right I understand how this relates to calling read yourself


which if you're implementing a Clojure - then you're the user etc.


:cljs/* can be treated as reserved for CLJS so it can still work, I don't think it's a bad idea necessarily


I'm not saying it is or isn't a bad idea - but not interested in going off the rails is all 🙂


an alternative of course is that ClojureScript could define a closed set - but JavaScript isn't a platform


it's glue - so it's not a small set of things


if CLJS would one day emit ES6 (theoretically, for the sake of this argument), would it still matter what the platform was?


I don't follow? We do emit ES6, since EcmaScript 2001 is a subset of ES6


Just trying to understand what you are trying to imply


I mean ES6 imports. There is now a target node, target browser etc. But if you emit ES6 modules, do these differences still matter?


E.g. shadow has an ESM target: you can use this for node, deno, browser, without specifying this, it seems it matters less there what you're compiling for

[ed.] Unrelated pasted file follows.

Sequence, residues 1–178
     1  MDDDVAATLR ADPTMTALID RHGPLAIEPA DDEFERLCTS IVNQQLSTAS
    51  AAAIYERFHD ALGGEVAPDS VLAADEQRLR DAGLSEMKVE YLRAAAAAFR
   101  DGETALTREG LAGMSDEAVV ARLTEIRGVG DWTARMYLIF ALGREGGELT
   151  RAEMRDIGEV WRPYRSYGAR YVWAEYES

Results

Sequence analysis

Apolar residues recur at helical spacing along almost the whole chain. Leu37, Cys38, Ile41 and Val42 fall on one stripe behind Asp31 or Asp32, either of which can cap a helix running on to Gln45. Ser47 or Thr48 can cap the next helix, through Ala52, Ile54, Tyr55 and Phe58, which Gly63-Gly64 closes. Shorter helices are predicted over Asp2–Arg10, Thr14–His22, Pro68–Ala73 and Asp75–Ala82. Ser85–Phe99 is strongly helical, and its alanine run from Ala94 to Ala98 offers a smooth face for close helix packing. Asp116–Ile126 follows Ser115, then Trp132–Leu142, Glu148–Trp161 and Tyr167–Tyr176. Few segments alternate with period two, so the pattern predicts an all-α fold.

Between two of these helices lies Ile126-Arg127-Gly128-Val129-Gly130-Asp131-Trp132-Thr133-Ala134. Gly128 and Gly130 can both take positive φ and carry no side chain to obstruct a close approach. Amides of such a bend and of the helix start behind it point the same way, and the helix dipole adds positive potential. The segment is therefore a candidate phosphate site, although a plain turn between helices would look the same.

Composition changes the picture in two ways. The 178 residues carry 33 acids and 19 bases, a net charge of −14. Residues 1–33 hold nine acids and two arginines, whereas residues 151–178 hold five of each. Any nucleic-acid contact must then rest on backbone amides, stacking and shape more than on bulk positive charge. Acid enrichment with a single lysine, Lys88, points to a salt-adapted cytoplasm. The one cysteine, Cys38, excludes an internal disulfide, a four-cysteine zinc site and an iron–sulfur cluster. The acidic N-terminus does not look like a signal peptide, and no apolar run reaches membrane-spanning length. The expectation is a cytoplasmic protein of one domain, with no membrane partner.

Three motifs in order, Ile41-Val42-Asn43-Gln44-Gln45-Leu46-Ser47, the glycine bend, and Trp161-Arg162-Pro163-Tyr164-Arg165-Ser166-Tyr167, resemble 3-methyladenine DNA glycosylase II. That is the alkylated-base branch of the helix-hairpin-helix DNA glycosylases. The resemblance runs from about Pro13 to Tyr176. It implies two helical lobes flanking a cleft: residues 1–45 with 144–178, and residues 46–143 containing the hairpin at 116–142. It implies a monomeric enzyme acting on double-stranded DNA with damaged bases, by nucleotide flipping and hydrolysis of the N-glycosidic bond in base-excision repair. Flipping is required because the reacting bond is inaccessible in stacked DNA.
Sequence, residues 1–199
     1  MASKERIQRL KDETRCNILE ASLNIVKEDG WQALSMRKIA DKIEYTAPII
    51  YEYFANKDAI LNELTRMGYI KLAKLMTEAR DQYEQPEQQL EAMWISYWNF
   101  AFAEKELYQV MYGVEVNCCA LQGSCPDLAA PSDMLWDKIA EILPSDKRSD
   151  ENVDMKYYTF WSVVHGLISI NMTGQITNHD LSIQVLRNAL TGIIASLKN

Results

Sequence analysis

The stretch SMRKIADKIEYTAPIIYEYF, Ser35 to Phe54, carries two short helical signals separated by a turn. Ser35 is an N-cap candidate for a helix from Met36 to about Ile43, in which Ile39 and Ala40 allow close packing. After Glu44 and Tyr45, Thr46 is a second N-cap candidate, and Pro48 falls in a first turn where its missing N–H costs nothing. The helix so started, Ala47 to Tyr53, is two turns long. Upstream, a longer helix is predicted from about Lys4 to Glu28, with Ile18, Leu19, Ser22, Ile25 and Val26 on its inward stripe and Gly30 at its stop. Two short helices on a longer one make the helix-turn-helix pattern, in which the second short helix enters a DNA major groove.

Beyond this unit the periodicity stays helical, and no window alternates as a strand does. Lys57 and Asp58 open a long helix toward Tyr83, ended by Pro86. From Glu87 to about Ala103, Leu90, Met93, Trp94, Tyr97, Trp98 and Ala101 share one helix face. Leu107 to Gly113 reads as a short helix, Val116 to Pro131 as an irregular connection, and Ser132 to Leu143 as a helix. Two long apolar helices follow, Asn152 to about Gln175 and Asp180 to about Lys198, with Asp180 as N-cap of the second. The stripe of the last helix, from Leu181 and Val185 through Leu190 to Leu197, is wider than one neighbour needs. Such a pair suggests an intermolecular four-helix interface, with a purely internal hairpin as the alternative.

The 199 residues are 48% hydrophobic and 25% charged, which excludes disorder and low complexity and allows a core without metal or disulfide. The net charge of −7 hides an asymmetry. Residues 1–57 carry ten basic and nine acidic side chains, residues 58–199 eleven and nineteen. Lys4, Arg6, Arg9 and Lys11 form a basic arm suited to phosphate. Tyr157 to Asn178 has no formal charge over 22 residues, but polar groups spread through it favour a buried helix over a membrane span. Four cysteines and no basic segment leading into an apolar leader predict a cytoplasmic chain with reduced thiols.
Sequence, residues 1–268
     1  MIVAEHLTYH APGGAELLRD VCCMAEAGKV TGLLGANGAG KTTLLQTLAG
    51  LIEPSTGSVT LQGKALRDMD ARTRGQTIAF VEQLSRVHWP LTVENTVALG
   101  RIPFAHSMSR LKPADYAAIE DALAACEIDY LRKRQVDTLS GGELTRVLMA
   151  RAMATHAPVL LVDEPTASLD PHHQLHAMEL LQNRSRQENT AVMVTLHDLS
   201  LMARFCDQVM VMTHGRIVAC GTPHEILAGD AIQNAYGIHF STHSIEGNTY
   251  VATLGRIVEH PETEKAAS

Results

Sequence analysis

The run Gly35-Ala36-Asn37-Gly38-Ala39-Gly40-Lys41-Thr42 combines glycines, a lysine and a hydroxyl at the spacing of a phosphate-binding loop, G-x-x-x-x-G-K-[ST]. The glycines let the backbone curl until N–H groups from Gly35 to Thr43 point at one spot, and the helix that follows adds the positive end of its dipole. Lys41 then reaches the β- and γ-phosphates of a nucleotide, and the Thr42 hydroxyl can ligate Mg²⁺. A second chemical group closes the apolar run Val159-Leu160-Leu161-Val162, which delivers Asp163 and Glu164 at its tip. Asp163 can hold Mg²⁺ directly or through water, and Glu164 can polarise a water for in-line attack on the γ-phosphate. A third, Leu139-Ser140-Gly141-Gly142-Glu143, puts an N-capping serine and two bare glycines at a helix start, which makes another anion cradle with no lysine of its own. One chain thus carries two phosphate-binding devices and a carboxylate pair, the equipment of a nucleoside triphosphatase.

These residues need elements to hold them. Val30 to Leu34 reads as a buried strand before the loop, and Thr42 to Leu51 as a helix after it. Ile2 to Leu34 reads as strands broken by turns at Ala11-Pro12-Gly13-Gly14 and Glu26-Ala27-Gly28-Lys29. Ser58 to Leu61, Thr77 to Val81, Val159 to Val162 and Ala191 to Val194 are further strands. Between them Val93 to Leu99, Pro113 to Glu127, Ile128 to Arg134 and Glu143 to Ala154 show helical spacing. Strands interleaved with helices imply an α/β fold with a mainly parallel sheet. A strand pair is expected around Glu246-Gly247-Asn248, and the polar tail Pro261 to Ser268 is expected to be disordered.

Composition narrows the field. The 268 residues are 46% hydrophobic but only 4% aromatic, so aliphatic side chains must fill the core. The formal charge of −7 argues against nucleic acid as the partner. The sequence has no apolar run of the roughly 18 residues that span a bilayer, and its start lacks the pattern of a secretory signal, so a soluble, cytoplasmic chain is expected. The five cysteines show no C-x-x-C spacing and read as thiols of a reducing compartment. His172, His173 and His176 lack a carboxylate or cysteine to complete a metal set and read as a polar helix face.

because JS had no standard library, no standard IO


Direct JS engine load, RN, Browser, Node are not the same things


also somebody has to implement ES6 import loading


I would surprised if this implemented directly in V8, JavaScriptCore - maybe in SpiderMonkey


but to your point


for the case of Browser vs. Node.js it would paper over one kind of problem


but not all of them


i.e. crypto etc. none of these things are going to get reconciled


ah you mean: if you wanted to write one single file to target multiple JS platforms, you could do #?(:cljs/node (crypto/foo) :cljs/browser (crypto/bar)) ?


Yes because ClojureScript has a very different problem then Clojure


Java is a platform


this can probably be solved dynamically as well, whereas namespace imports cannot


JavaScript is just glue


I have never had that problem of wanting to target Node + Browser in one file - perhaps others have asked for this? I only encountered the CJS / ESM namespace difference as a problem, which lead to this discussion, since @chris358 had problems with codox.


Since #nbb uses ESM and he also wants to compile for Node CJS, this is why he uses #?(:org.babashka/nbb [foo$default] :cljs [foo])


but it's not clear what tripped codox: the reader conditional or the string in the namespace - anyway.


I think both the error changed